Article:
Q: Can I volunteer from home?

A: Yes. You can volunteer as a mentor online and help make a difference in the life of a young person. Your life experiences are valuable and could influence a young person to make an informed decision about staying in school or choosing a career path that is right for them. As an e-mentor you would receive training that enables you to be the best mentor you can be and shows you how to relate easily to the youth’s interests and talents. You can mentor online and make a difference without even leaving your home.

Q: What kind of opportunities are available for volunteering as a senior?

A: There are many different volunteer opportunities for seniors. The senior corps includes many different programs including RSVP, Foster Grandparents, and The Senior Companion Program. Members from the RSVP program participate in a number of different projects from managing other volunteers to tutoring and mentoring children. They also have some that respond to natural disasters and do other environmental projects. Foster Grandparents is more focused on tutoring and mentoring children with special needs in schools, detention facilities, and child care centers. The third program, The Senior Companion Program, is focused on seniors helping other seniors that need help with daily tasks or just need company. The Senior Citizens Bureau also has many volunteer positions that help with writing emails, taking phone calls and doing research. If you have a specialized skill from a career that you want to use in your volunteer work there are programs available for that as well. One example is volunteering in The International Senior Lawyers Project if you are a retired lawyer and want to offer pro bono legal work.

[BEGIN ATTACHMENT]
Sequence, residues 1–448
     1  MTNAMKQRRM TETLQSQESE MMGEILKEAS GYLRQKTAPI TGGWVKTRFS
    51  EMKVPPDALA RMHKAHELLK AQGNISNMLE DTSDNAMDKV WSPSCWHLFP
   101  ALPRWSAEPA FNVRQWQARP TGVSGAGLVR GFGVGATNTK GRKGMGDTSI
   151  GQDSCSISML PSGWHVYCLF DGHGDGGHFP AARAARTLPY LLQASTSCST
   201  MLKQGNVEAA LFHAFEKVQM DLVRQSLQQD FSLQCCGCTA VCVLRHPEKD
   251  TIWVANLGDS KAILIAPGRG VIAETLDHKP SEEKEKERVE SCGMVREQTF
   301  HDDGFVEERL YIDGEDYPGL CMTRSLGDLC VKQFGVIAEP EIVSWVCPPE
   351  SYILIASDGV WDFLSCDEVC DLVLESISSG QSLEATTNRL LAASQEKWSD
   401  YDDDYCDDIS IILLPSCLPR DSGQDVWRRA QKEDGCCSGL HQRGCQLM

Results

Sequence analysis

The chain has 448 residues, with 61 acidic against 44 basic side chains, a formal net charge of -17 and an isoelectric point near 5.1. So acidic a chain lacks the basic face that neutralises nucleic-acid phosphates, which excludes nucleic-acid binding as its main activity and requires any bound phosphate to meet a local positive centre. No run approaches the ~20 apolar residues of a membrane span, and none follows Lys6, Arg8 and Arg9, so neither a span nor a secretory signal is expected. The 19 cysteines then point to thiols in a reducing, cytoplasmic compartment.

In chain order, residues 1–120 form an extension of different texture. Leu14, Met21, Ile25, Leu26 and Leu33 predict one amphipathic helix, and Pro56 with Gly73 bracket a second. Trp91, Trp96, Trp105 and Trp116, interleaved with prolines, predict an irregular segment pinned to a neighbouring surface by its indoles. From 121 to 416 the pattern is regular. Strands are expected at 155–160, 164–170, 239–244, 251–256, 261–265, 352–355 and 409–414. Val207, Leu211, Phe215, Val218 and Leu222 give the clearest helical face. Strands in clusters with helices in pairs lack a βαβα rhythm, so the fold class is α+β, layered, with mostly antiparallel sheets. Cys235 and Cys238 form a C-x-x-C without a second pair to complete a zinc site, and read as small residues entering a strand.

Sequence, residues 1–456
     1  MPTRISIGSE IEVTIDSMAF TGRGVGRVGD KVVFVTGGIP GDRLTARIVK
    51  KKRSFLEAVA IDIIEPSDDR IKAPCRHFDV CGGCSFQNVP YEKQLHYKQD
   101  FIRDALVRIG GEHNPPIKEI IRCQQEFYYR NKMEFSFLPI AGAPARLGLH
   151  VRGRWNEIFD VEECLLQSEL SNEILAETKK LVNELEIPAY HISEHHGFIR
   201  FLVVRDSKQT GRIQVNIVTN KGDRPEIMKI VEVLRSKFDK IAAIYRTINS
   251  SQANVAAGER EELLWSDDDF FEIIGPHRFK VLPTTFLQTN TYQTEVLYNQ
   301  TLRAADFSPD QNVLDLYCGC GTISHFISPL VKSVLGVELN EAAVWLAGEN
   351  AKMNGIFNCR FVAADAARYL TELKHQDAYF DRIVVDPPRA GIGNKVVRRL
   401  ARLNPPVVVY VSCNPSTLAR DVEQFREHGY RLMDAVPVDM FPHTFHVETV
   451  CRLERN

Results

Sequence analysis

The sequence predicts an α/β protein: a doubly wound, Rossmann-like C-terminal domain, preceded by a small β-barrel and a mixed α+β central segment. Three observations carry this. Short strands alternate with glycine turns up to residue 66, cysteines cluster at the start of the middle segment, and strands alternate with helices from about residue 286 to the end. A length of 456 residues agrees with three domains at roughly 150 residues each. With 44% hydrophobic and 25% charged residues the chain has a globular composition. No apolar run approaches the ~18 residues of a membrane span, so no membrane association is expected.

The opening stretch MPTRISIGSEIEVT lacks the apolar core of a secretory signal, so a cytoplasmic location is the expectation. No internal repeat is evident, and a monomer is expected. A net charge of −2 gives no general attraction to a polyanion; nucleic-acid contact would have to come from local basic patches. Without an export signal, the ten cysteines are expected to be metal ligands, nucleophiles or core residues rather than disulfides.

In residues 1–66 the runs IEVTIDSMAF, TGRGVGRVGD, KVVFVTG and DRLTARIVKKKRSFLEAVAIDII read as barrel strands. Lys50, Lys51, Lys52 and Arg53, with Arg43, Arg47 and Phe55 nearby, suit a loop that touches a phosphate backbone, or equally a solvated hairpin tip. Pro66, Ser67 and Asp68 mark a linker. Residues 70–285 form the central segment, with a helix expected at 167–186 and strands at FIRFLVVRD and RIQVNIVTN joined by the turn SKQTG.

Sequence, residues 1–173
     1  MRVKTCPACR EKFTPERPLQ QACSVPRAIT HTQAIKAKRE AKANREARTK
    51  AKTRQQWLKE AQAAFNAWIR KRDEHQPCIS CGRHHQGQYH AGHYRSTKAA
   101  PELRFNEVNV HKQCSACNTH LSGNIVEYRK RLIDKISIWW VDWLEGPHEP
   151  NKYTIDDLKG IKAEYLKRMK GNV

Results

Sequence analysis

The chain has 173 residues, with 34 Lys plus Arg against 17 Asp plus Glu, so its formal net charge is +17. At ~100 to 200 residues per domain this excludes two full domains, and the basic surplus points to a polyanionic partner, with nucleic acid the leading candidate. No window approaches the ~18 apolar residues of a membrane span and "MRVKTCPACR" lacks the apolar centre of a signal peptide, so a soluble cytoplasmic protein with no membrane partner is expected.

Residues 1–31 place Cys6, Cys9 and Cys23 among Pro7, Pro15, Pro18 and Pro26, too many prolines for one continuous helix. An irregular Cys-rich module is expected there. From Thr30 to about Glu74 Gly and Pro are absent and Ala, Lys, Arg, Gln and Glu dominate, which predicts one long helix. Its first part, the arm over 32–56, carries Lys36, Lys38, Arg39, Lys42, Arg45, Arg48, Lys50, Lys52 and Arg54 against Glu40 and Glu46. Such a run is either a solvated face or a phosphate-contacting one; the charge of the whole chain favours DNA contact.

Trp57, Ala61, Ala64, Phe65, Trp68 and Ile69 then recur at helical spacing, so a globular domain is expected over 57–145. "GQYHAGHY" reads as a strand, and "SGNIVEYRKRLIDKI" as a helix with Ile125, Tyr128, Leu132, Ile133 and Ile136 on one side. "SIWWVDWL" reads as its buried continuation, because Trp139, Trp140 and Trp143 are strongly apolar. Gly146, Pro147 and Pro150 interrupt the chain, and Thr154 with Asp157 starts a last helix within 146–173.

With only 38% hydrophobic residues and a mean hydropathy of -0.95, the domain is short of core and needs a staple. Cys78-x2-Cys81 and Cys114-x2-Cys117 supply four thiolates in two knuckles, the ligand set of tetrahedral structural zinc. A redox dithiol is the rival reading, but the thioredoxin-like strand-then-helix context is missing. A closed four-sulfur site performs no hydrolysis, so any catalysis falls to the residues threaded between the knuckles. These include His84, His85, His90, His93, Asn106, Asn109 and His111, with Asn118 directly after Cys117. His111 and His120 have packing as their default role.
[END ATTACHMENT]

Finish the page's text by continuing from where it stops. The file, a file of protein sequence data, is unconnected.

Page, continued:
Q: What if I do not have a lot of available time? Can I still volunteer?

A: Yes. Your time is appreciated no matter how much time you are able to volunteer for. Most of the places that accept volunteers are okay with volunteers volunteering as little as just a few hours a week and most of them work with your schedule. Even if you are not able to volunteer a lot of hours, volunteering is still beneficial to you because you are getting out and socializing on a regular basis. Your couple of hours that you are able to volunteer will make a difference and possibly change someone’s life so do not let yourself believe that you just as well not volunteer if you only have a few hours a week to contribute.

Hopefully this has answered a few questions you had about the volunteering process. The best place to start is by calling one of the places you are considering volunteering at and letting them know that you are interested. Good luck, and enjoy volunteering.